Geranium oil, with its roselike scent, is found in perfumes, body lotions and soaps. Besides its floral fragrance, geranium essential oil features many purported health benefits. Historically, people have used the oil to speed the healing of wounds and burns. Other believed benefits include anxiety easing, insect repelling and wound healing. Smelling the oil may help alleviate depression. Because of its astringent effect on the skin, some people use the oil to fight acne. You can also ingest geranium essential oil and it is sometimes used in baking.
- Skill level:
Things you need
- Geranium essential oil
Decide your use. If you will cook with the scented oil, choose a food grade carrier oil such as olive oil. Carrier oils are oils used in large quantities to dilute more concentrated oils. For cosmetic use, you might pick a more exotic oil such as kukui nut oil, used by early Hawaiians to treat burns and other skin problems.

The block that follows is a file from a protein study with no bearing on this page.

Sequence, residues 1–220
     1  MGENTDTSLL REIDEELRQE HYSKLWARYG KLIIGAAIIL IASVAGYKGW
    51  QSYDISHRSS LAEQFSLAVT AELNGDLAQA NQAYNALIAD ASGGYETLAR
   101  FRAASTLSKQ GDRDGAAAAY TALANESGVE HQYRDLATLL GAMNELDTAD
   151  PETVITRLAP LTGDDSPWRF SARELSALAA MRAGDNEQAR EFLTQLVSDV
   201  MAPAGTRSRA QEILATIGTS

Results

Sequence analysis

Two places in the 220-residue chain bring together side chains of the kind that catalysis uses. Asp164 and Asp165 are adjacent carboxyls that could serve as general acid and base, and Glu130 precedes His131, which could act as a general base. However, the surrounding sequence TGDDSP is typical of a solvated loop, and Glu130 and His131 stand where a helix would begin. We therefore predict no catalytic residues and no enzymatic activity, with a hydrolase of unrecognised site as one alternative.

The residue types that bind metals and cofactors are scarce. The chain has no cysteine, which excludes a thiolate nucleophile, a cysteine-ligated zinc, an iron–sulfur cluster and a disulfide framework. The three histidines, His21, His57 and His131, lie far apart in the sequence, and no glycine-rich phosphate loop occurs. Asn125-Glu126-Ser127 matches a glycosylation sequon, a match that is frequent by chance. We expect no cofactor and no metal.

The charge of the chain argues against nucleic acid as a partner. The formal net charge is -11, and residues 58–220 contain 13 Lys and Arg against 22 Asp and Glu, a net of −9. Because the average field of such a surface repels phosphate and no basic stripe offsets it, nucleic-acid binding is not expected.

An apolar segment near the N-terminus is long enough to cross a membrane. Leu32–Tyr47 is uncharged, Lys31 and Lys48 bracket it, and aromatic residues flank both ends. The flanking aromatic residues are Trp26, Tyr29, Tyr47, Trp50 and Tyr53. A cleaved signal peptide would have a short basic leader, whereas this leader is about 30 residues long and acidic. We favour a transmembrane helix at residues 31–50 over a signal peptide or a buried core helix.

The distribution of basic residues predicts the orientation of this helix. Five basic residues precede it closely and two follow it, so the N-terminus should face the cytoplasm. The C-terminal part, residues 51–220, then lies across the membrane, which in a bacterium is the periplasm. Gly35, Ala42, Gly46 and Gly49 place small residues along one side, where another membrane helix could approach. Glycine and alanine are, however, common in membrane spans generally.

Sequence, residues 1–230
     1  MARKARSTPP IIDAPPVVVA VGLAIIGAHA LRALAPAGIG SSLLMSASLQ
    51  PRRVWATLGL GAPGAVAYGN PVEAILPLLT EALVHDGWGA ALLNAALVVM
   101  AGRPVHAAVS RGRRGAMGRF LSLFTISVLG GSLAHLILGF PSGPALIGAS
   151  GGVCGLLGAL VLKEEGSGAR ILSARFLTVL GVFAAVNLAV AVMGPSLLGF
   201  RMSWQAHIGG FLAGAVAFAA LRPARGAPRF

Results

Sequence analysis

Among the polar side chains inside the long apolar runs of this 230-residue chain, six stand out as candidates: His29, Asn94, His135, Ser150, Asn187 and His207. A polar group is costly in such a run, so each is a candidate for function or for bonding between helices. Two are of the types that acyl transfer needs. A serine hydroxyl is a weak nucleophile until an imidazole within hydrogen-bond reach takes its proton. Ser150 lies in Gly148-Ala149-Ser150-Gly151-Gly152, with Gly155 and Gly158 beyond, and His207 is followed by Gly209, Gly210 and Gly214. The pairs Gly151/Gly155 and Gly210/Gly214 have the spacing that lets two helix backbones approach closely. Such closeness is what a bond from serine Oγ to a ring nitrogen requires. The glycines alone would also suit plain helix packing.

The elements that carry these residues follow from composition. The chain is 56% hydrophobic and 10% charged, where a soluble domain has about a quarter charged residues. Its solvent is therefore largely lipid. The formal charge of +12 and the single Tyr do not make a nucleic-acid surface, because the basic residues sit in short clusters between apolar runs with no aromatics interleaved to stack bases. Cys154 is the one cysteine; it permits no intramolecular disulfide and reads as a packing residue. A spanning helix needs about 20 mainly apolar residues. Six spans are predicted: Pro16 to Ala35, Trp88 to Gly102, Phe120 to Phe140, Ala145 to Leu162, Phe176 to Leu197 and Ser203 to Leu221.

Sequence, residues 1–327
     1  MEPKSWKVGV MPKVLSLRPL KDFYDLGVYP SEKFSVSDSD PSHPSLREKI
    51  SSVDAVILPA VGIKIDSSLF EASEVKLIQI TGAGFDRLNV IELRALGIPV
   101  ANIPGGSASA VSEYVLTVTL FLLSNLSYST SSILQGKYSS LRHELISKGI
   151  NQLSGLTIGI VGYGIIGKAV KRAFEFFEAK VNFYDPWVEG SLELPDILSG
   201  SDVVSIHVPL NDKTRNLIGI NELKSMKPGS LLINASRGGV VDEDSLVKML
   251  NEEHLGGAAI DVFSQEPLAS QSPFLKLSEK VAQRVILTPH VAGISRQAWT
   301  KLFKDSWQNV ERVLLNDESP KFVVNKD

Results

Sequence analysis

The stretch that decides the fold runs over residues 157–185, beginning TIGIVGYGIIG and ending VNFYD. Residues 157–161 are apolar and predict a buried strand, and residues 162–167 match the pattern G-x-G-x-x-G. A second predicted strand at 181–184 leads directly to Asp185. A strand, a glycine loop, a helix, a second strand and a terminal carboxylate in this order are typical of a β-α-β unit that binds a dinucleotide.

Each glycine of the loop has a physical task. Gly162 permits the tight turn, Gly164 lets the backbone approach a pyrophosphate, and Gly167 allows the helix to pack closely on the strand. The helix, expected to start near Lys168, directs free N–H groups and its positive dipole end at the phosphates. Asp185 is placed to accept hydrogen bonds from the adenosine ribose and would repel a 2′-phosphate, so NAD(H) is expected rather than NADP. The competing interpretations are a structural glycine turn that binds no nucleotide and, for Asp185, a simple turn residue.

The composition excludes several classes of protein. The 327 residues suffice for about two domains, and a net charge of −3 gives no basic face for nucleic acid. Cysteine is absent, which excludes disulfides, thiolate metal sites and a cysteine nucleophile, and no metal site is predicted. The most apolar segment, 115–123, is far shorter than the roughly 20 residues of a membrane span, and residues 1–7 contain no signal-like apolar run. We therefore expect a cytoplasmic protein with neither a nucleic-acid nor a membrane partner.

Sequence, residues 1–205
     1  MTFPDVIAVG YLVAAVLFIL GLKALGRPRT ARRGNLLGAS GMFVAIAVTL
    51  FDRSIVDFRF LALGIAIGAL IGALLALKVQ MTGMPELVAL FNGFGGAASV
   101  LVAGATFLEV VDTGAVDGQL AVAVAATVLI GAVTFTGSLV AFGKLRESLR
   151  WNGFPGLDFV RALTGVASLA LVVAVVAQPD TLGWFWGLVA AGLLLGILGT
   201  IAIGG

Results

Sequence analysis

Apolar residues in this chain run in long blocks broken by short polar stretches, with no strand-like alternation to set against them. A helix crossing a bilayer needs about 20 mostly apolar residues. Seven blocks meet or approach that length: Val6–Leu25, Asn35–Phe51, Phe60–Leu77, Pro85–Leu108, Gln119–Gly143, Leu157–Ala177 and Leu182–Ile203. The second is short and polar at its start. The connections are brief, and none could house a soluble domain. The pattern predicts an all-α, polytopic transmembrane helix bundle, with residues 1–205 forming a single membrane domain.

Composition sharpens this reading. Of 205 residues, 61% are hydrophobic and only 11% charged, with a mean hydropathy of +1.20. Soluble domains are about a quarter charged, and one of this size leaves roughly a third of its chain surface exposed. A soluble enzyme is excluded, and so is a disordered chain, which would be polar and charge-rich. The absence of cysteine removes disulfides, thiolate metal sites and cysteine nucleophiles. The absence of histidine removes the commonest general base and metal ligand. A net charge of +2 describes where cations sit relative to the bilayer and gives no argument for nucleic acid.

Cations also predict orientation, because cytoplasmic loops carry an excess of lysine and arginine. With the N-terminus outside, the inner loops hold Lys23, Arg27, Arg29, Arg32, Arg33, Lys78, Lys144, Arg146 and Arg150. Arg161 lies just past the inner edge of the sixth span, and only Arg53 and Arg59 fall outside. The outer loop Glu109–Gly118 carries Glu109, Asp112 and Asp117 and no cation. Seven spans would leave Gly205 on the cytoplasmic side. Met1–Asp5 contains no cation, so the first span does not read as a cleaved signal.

Determine how much you want to spend on a carrier oil. Olive oil costs less than other more exotic oils. However, its scent may overpower that of the geranium essential oil.
Purchase a carrier oil and geranium essential oil. You can buy speciality oils online or in select health food stores. Common oils such as olive or grape seed can be found in most grocery stores.
Pour 1 cup of the carrier oil into a jar. Use a dark jar to keep light out and optimise the oil's shelf life.
Drip about 60 geranium essential oil drops into the carrier oil for cosmetic use. For food use, stick to about 20 or 30 drops.
Close the jar and gently shake. Smell the oil. If you want more of a geranium scent, drop more essential oil into the jar.
Tips and warnings
- Don't apply undiluted essential oil to your skin.
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